Review: Playschool Art Maker for iPad

Having looked at a few different movie making apps for the iPad, the playschool art maker app presents itself as a great and innovative app for primary students who are learning how to create their own digital texts. The app helps students to create a picture, story slideshow or animated movie, giving students the option of either using their own photos as backgrounds or using animations already provided. Students can also record their own audio, and the app allows them to save their creations, which they can replay or look at later.

The app is easy to use without the need for extensive scaffolding, and gives students a lot of free range in what they can create. This allows them to be creative and imaginative with what they create, which is a strong focus in the new English syllabus.

Students can use this app for many different purposes in literacy, such as learning how to create a story board, to plan out different elements in a story during the writing process; retell a story they have just read or heard; and of course it is a great foundational resource in showing students how to use digital technologies, and which teachers can build upon later when using other apps such as iMovie. The playschool content means that this app is perhaps more suited to younger primary students.

This is a great resource!


The Final Product

Coming to the end of this course, it’s interesting to reflect on all the aspects of digital media that I’ve learnt about. Having experimented with so many different aspects of digital media, incorporating it into a lesson no longer seems as daunting as it did at the start of the course. I would encourage all teachers out there to continue exploring the vast range of digital resources that are available, and to not be afraid to try something new in your classroom.

This is a digital video I created as a final assessment. It is a recount of an event in my life, and can be used as a teaching tool across the stages for English. In particular, I would either use it with Stage 1, to develop the depth of their recount writing, or in Stage 2 or 3, to incorporate global perspectives in their recount writing. It is also a great tool to use to teach students about planning for their writing, as they plan and edit a video, and think about the sequential order of their writing. Enjoy!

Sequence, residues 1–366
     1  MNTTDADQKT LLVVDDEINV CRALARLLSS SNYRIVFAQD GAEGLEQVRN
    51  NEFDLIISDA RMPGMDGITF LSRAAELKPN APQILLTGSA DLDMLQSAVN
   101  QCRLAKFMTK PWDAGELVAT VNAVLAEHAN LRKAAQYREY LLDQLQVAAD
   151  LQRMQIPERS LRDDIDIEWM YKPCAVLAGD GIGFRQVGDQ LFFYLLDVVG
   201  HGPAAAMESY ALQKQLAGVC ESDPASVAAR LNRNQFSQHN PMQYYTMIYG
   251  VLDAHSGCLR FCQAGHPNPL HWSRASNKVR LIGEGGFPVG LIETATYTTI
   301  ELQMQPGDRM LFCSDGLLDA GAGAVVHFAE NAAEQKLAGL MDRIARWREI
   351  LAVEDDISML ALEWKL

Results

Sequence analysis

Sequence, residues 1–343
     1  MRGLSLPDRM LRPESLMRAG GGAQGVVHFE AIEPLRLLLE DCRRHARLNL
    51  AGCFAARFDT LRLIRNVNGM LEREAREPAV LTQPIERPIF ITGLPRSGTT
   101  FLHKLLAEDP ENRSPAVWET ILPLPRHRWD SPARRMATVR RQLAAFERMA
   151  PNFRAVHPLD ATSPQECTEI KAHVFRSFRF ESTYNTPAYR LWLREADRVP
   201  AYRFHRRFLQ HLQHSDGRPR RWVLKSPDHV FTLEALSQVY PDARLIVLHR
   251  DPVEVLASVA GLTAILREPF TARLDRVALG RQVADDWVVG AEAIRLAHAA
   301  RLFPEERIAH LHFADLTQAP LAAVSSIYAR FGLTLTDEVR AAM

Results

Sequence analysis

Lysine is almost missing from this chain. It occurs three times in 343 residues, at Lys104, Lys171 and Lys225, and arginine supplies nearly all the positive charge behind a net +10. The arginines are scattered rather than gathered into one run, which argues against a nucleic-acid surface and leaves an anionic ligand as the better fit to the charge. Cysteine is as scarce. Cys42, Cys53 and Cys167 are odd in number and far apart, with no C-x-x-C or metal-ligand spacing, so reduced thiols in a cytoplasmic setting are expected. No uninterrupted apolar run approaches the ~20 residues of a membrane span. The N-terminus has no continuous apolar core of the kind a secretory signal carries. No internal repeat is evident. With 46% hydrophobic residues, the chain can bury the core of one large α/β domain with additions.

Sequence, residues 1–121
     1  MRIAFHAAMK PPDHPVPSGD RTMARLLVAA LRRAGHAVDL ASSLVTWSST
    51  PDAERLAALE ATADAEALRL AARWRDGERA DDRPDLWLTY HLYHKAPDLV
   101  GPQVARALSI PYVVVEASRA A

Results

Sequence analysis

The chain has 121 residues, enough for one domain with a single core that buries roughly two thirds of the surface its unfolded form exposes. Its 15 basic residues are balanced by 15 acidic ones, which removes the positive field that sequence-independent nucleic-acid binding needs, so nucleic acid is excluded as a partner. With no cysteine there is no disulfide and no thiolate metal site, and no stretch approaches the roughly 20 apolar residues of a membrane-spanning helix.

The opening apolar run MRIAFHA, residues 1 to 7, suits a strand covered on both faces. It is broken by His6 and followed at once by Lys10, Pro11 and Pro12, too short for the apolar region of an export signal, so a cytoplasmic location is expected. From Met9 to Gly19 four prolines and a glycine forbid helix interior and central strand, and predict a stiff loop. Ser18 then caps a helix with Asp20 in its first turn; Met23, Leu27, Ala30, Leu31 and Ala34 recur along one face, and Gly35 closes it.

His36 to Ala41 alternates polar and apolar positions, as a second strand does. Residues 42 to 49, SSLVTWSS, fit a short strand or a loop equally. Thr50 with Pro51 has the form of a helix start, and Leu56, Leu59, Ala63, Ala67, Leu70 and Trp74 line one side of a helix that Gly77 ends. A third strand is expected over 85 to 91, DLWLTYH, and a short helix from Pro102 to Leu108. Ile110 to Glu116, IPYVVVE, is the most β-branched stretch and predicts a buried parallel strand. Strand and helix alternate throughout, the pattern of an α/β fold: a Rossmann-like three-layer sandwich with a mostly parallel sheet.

Review: The Literacy Shed

This is an excellent databank of visual stories and ideas for teaching literacy to students. I used this resource on my recent practicum, for the purpose of looking at the topic of stories, and different purposes of stories. I was able to show my students a range of examples of stories, each with a different purpose, and then use this as a basis for discussion. The website also includes ideas for teaching with each example, and visual literacy can be used in the classroom.

This would also be an excellent resource for showing students how to construct a story e.g. how to set the scene, develop characters, plotline etc, but also for thinking about things specific to visual literacy e.g. colour, animation, salience, different camera angles. There are a number of visual tutorials on the website which demonstrate how professionals consider all these elements in the creation of visual literacy.

Literacy and the iPad

These days, children are more literate with an iPad than most adults, and will arrive to school armed with the knowledge of how to work touch screens, navigate the hazards of technological difficulties and a sense that technology is already an important part of their learning (Jones, 2012, p. 33). Teachers are increasingly being encouraged to utilise a combination of this prior knowledge and technology to develop literacy practices, by building upon, and extending students’ literacy development within the context of their social and cultural practices.